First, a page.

The private sector: What are the Government’s intentions here? Private medical practices work closely with NHS colleagues and were encouraged by Labour to bid for contracts at a price determined by the NHS tariff. Competition for these contracts depended on the quality and effectiveness of service. There is a cap on the proportion of private beds in Foundation Trust hospitals, which varies according to earnings from private patients and is much higher in London. Last year the private sector treated 220,000 patients.
The Government is now preparing to remove the cap, renegotiate the tariff and require the National Commissioning Board to promote competition. This will open the door to competition on price, not just quality.
Many clinicians fear that the private sector will skim off profitable routine operations, leaving expensive, complicated treatment to the NHS.
The body that will license health providers is Monitor, which oversees foundation trusts. Its chairman, David Bennett, wants healthcare exposed to competition like gas and rail. British Gas raised energy prices by 7 per cent last year, while making £700 million in profits. Since rail privatisation, the UK had paid the highest fares in Europe. Should this inspire confidence?
Patient choice: How does the Secretary of State reconcile this with the need for large savings? Mr Lansley puts great emphasis on the involvement of patients in their own treatment. That’s good but achieving it in practice is hard. Articulate and self-confident people are likely to benefit, but elderly or busy patients will have little basis for their choices beyond rumour or GPs’ advice. Choice must be balanced against the realities of a publicly funded service.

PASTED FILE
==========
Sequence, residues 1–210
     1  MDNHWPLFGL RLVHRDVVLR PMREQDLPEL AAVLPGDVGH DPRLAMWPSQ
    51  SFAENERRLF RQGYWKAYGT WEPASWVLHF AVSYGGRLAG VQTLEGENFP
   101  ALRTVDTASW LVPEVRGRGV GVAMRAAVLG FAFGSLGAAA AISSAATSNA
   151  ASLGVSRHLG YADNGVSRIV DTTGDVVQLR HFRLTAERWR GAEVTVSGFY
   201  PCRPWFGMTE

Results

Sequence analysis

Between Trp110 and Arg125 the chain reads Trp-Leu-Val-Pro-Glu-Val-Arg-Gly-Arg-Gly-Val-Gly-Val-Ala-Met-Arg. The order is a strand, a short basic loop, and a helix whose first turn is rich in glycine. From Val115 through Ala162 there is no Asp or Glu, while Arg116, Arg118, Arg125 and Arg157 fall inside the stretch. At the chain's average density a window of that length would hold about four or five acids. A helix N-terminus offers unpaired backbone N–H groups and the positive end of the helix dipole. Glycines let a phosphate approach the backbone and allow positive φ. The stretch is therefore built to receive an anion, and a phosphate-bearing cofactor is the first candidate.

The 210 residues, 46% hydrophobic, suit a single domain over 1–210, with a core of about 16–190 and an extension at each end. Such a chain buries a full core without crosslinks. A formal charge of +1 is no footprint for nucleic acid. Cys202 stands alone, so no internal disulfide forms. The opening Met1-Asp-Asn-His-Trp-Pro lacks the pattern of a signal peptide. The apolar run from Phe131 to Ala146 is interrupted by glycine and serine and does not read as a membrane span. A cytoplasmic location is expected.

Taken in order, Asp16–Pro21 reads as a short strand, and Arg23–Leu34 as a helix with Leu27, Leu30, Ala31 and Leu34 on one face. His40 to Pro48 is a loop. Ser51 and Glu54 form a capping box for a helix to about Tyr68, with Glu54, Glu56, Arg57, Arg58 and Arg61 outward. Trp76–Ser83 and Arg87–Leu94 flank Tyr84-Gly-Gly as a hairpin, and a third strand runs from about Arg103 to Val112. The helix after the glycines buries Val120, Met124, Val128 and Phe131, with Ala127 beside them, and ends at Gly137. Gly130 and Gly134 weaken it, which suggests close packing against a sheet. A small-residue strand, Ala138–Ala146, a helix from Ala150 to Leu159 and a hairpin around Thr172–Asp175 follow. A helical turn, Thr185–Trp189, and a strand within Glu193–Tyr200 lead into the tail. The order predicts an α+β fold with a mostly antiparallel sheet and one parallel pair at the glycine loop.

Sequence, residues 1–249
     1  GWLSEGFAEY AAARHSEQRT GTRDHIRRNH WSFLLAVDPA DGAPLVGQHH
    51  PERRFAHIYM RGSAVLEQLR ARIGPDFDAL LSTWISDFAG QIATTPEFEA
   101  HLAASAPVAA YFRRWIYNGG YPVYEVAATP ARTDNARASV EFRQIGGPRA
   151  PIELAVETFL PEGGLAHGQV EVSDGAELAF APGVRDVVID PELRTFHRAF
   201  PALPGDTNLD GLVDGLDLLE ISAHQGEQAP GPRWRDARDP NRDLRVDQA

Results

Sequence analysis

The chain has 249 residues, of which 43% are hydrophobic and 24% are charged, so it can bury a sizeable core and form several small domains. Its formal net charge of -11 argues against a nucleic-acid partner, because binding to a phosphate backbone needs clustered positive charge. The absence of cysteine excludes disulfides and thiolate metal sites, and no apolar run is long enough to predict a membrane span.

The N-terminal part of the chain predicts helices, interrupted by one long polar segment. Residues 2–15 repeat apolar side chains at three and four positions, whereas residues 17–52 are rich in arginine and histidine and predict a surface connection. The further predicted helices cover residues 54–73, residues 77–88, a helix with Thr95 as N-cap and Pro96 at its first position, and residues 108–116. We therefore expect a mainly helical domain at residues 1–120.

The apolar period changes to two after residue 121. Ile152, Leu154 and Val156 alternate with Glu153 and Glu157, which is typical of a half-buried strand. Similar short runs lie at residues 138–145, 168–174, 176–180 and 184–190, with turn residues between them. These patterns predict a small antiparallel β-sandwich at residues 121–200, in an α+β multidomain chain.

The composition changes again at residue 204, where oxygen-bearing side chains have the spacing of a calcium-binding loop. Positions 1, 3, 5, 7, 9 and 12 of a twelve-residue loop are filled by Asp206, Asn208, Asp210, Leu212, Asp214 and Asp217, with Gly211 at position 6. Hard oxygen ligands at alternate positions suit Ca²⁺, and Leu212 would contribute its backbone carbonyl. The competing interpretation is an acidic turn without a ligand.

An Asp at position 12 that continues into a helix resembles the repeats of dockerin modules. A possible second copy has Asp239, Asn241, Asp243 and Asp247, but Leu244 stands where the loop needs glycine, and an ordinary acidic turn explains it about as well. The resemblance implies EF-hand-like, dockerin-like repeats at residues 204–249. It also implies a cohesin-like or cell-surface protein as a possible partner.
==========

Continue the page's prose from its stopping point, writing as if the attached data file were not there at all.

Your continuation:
Underlying the debate about health is another about values. For some of us, health care is a public service, strengthened by partnership and co-operation, the model in most Western European countries. For others, it is a market in which price determines quality, the US pattern.
A June 2010 study of 11 health systems by the US-based Commonwealth Fund said of the US system:
“Compared with … Australia, Canada, Germany, the Netherlands and the UK, the US system ranks last or next to last on five dimensions … quality, access, efficiency, equity and healthy lives.”
The NHS was the second least expensive per person after New Zealand, and came first on effective care, efficiency and cost-related access, and second on equity and in the overall ranking. Why we should dismember this remarkably successful public service for an untried and disruptive reorganisation amazes me. I remain unconvinced.
Her comments echo concerns she expressed in the run-up to the Liberal Democrat party conference in September, when she said:
“I’m profoundly worried about the white paper on health, we have a health system which is notably improved, the outcomes have come right up to the best European standards.”
And earlier this month, a number of health organisations expressed serious misgivings about the coalition’s NHS reforms, including the King’s Fund, NHS Alliance, NHS Confederation, Royal College of General Practitioners and The Nuffield Trust.